2. Reputation Matters

What kind of reviews does the practice have? What are their other patients saying about them? Check out the Yelp and Google reviews and maybe ask around your neighborhood, coworkers, and friend group to see if anyone you know is familiar with that particular practice. While there can sometimes be hidden gems, a lot of good feedback is generally a positive sign.

3. What Specialties Can They Claim?

A dental practice that operates close to you and has fantastic reviews might still not be right for you if they don’t offer some of the services you think you’re likely to need. How good are they with child patients? Do they offer cosmetic treatments? How much experience do they have with root canal therapy or treating gum disease? Do some research into a dentist’s specialties to see if they’re a good fit.

4. How Well Do They Fit Your Budget?

Sometimes a practice’s only flaw is the cost of their services in comparison to your budget, or that they aren’t in your dental insurance network. It’s still important to find a dentist for regular appointments in this case, because those checkups are much easier on a budget than a serious dental problem that could’ve been caught and treated cheaply in an early stage. Finding a budget-friendly dentist is an excellent investment, both financially and in terms of dental health.

5. Patient Comfort

If you aren’t comfortable around a dentist or within their practice, then the other factors might not matter much to you. It’s a good idea to pay a practice you’re considering an early visit just to get a sense of the place and the staff. A good dental practice will always prioritize patient comfort, especially considering how many patients struggle with dental anxiety!

Meanwhile, keep up those oral hygiene habits!

We Look Forward to Meeting You as Your Midlothian Dentist!

If you weren’t sure how to start looking for a great dentist in Midlothian, VA before, we hope we’ve given you a few ideas of where to begin! If you want to learn more about our practice to see if we’re a good fit for you, just give us a call or stop by. We’re happy to answer any questions you may have!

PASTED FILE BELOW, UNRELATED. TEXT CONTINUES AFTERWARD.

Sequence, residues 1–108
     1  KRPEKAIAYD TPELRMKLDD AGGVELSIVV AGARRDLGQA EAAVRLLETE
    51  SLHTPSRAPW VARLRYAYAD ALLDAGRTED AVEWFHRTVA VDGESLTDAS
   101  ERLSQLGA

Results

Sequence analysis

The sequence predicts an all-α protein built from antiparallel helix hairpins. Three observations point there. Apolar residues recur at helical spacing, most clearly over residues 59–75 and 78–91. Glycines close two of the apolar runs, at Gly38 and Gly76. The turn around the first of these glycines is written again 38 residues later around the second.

Thank you for trusting us with your dental health needs!

Top image used under CC0 Public Domain license. Image cropped and modified from original.
The content on this blog is not intended to be a substitute for professional medical advice, diagnosis, or treatment. Always seek the advice of qualified health providers with questions you may have regarding medical conditions.
Chewing Ice Is Bad for Our Teeth

WE HEAR A LOT that it’s bad to chew ice. It’s because ice can do a lot of damage to our teeth and gums.

Extreme Temperature Changes Versus Enamel

Tooth enamel might be the strongest substance in the body, but it’s also brittle. The issue with ice isn’t just that it’s hard, it’s also that it’s cold. Extreme temperature changes cause tooth enamel to expand and contract, creating tiny cracks and weakening the overall structure. It’s the same thing that happens to pavement in places that get snow.

Gum Injuries and Tooth Damage

While weaker enamel can lead to tooth sensitivity and vulnerability to decay, ice also isn’t good for gum tissue. It’s so cold that it creates a numbing effect, which can make it difficult to notice if it causes an injury to the gums. It’s also hard enough to break or chip teeth.

Where Do the Cravings Come From?

Why crave ice if there are only downsides to chewing it? The scientific term for compulsive ice eating is pagophagia. It could indicate an eating disorder called pica (the compulsion to eat non-food items, or it could be related to iron deficiency anemia. The chill of ice stimulates blood flow, counteracting low oxygen levels in the brain, but that only treats a symptom of anemia, not the cause.

Top image used under CC0 Public Domain license. Image cropped and modified from original.
The content on this blog is not intended to be a substitute for professional medical advice, diagnosis, or treatment. Always seek the advice of qualified health providers with questions you may have regarding medical conditions.